China therefore is a good case study in population growth trends, its analysis and prediction. This paper concentrates on population trends in China between 1950 and 2008, and outlines various models that could be used to represent the data.
A variable can be defined as a quantity or attribute that changes according to different situations in a certain process. In our case, the time (t) in years is a variable because it moves from 1950 to 1995. The second variable is population (P) of the people of China in millions. A parameter is a constant that varies from one group of equations to another. The parameters are m, the gradient and c the y-intercept. The graph below shows the population trends in China between 1950 and 1995.
Trends Seen in the Graph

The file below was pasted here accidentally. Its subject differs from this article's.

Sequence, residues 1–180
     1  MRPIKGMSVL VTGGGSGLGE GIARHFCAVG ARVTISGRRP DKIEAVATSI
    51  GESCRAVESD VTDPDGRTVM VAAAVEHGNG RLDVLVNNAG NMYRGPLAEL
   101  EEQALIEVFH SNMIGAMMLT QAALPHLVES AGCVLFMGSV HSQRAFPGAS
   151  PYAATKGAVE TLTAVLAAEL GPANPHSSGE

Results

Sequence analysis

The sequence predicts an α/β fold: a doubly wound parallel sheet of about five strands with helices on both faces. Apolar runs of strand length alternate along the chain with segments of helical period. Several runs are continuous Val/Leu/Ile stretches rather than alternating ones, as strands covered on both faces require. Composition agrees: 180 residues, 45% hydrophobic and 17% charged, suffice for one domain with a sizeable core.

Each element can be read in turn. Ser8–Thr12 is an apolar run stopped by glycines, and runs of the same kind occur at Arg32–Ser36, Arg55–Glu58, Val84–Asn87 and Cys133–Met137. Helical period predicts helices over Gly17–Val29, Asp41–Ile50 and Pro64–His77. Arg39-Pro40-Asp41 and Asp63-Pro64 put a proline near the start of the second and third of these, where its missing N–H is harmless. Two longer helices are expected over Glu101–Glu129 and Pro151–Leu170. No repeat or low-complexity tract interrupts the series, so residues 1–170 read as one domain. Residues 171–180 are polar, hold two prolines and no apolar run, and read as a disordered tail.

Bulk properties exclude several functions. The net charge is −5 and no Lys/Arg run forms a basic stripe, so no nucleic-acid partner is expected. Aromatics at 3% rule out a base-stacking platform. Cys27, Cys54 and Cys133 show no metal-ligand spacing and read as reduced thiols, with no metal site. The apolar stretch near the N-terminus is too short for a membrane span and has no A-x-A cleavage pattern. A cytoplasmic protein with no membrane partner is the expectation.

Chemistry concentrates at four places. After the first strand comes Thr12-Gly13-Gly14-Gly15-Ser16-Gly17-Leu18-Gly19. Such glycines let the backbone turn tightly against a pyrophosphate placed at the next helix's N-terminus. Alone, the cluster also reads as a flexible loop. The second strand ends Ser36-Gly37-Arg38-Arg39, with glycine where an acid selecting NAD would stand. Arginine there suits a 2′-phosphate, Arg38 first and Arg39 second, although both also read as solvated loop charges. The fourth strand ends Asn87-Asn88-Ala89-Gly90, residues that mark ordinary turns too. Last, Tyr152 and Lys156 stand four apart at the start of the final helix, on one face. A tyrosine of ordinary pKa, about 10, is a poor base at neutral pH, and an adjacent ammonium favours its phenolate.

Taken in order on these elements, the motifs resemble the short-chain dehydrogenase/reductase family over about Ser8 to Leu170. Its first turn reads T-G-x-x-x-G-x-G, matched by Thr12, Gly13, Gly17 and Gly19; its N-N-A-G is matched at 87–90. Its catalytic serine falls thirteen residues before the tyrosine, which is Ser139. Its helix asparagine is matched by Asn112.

From the graph, it can be noted that population in China has been increasing over the years. Between 1950 and 1975, the population increases at an increasing rate whereas, between 1975 and 1995, it increases steadily. This difference could be attributed to the one child policy that was introduced by the Chinese government in 1978, to curb population increase. The points in the above graph assume a linear pattern and if a line of best fit is drawn, it has a gradient of approximately 15.49 (calculated using technology). This means that China’s population grows by about 15.49 million people each year. The increase in population has remained steady probably because, there has been a decrease in the infant mortality rate and national deaths due to improved healthcare. Another factor could be immigration by people from other countries. The correlation coefficient (R2) is 0.994, translating to a 99.4% fit, which is a good fit. Functions that could Model the Behaviour of the Graph Some of the functions that could possibly be used to model the behaviour of this graph are, exponential, linear, logarithmic and polynomial functions. Starting off with the exponential function, it takes the form, The growth rate of an exponential function is proportional to its value. For example, if the rate of population growth is proportional to its size, then the population after t years will be Fig 2: Graph showing an exponential model of China’s population. The correlation coefficient in the above graph is 0.990 which translates to a 99.0% fit of the data points to the curve. This is a relatively good fit. However, the data points for 1970 up to 1980 are overestimated while that of 1995 is underrated. A linear function is one that can be written in the form, where m is the gradient and c is the y-intercept. A linear function often implies uniformity. Fig 3: A graph showing a linear model of China’s population. The correlation coefficient (R2) is 0.994 translating to a 99.4% fit of the data points to the line. This is a much better fit than the exponential model. In this model, the points in 1960 and 1965 are underestimated while that of 1950 is overrated. A logarithmic function can be defined as the inverse of an exponential function. It can be expressed by the following identity, Fig 4: A graph showing logarithmic model of China’s population. The correlation coefficient of the above graph is 0.994 translating to a 99.4% fit. It is similar to the linear function fit, but also better than the exponential model fit. The above three models can be used because they all have a 99.0% and above fit, which is an excellent choice as we cannot have real data with a 100% fit. Developing a Model Function that Fits the Data In this case, I choose to use a polynomial function. A polynomial function can be defined as a mathematical function consisting of several terms added together. This includes a linear function, which is discussed above. A polynomial